Guinea pigs are active and friendly animals, but do not climb well and require more horizontal space in order to compensate for this. The minimum recommendation for a single pig, or for a closely bonded pair of guinea pigs is 7.5 square feet (more is always better!). The cage should be solid bottomed (as wire flooring can break legs and toes as well as contribute to medical problems like bumblefoot).
Most pet store cages are undersized and are not appropriate for a pair. The only commercial cage on the market which meets these basic guidelines currently is Midwest's Guinea Pig Habitat. Pet stores often assure new owners that their cages are fine for a pair. It is not uncommon for pairs of guinea pigs in undersized cages to fight and even unbond. This results in both injuries and veterinary bills as well as additional expenses by having to purchase additional caging.
Currently, the most appropriate cage for guinea pigs are C&C Cages. These are homemade cages constructed of Cubes and Coroplast. They can be built on your own (following the instructions at the website above), purchased online by retailers, or ACR&S can build a cage for you. You do not have to adopt from us to purchase a cage from us! We are happy to build homes for all piggies!
The diet of guinea pigs is comprised of three major components: hay, pellets, and fresh vegetables.
Guinea pigs should be allowed access to an unlimited amount of grass based hay (although guinea pigs under 6 months of age should be supplemented with alfalfa). Timothy and orchardgrass are the two most common grass hays seen marketed for small animals. Oxbow and Kleenmama's Hayloft are two brands that are greatly preferred by our foster animals. Hay should be the majority of the diet. Remember that many people are allergic to hay, so be sure that you can tolerate it in the house before committing to a pair of guinea pigs!
Pellets should be provided in limited amounts for adult pigs. Depending on metabolism and personality, 1/8 - 1/4 of a cup of pellet per guinea pig, per day is typically appropriate. Adult guinea pigs should have a timothy based pellet. Guinea pigs under six months of age may have an unlimited amount of pellets, and they may be alfalfa based. Pellets should be a plain pellet. Seeds, nuts, colored bits, and other additives are signs of a poor quality food and should be avoided at all costs. All of the foster homes at ACR&S feed Cavy Cuisine (or Cavy Performance for babies and pregnant mothers) by Oxbow.
Vegetables are the final part of the diet. Guinea pigs need approximately 1 cup of vegetables per guinea pig, per day. This vegetable mix should be primarily leafy greenery with a limit on fruits and other sugary vegetables. Vegetables are an important part of the diet because guinea pigs, unlike most other mammals (and like humans) cannot produce their own vitamin C.
Acceptable beddings: Carefresh, aspen shavings, Yesterday's News, fleece, Wood Pellets, recycled paper pulp bedding
Unacceptable beddings: Cedar and pine shavings (contain dangerous phenols), corn cob bedding (dangerously prone to molding and should not be ingested), straw (not absorbent), clay or clumping cat litter (dangerous if ingested), or newspaper (not absorbent).
Guinea pigs are social animals that are happier living in herds (even 'herds' as small as a pair). Though the urban myth that male guinea pigs will not get along persists even to this day, it is just that -- an urban myth. Male/male and female/female pairings are both equally likely to work out assuming that their housing provides plenty of space. Mixed sexed pairings should only be attempted when one or both guinea pigs has been altered.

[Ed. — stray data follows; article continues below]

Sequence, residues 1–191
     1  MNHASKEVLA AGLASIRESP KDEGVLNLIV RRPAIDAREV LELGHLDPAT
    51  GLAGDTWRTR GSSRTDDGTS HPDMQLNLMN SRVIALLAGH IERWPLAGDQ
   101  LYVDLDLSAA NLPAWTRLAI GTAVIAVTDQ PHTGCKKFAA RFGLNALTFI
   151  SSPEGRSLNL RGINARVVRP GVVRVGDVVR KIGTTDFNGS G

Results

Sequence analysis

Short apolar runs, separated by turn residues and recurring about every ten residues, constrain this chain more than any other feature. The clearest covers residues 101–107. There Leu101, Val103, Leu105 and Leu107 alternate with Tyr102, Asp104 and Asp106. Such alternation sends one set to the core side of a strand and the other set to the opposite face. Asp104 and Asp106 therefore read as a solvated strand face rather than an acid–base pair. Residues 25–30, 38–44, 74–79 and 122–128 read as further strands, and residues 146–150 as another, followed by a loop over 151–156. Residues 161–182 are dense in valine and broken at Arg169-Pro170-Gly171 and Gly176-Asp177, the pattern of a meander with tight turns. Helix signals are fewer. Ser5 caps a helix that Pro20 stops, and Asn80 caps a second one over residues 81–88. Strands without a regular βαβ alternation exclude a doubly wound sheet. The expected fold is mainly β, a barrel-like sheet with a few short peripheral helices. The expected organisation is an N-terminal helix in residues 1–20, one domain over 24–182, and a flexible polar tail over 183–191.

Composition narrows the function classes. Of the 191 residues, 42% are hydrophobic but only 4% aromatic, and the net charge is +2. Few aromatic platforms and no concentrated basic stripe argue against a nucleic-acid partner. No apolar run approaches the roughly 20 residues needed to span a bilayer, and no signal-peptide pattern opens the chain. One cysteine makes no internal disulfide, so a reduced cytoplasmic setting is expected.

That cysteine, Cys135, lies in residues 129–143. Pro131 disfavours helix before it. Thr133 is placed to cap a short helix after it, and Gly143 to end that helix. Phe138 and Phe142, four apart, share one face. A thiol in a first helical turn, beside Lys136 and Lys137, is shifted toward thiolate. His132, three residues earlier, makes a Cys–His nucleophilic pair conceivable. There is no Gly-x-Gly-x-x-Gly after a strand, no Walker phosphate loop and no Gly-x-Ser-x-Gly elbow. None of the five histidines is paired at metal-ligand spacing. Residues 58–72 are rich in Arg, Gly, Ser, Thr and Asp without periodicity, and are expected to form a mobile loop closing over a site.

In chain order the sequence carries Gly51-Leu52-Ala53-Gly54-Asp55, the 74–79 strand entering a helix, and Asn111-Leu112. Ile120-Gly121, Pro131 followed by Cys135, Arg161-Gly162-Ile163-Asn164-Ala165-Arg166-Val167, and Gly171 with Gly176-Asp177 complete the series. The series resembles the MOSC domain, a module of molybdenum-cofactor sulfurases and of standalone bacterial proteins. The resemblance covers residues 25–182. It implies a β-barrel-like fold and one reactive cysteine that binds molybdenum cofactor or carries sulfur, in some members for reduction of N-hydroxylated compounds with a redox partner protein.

Guinea pigs are fertile at 3 weeks of age. There is no safe way for male and female guinea pigs to interact which will not result in pregnancy. Even with owners watching, they can and will mate.
Kids and Guinea Pigs
In many ways, guinea pigs are an ideal pet for children. They are small and easy to hold, are docile, and they rarely bite. However, though they may be excellent for children, children aren't always excellent for them.
Guinea pigs have fragile skeletal systems, and if dropped even from short distances, they are likely to injure or break their legs or spines. In addition, guinea pigs are naturally shy and tend to run from hands approaching their cage overhead. This sometimes disappoints children who may not understand why their friends don't want to be with them. Children should always be supervised when holding guinea pigs, and should always be stationary to help avoid accidents.
Cavy Spirit's "Kids and Pigs" and our own "Children and Guinea Pigs" pages are an excellent resource for parents, with many great stories and information from parents as to how they help their children enjoy their new pets in a safe manner.
Although they seem much more common than some of the other, more exotic pets, guinea pigs are classed as an "exotic" animal. As such, most veterinarians are not qualified to see them, and you'll have to seek out an exotic specialist. ACR&S has compiled a list of veterinary references which may be helpful in finding your pet's new vet. Please be aware that not all vets that "see" guinea pigs actually have up to date knowledge or relevant experience with them. An uninformed vet can very easily kill your guinea pig through well-intentioned ignorance.
Our care guides cover only the basics of dealing with guinea pigs. For even more information, please visit the following websites: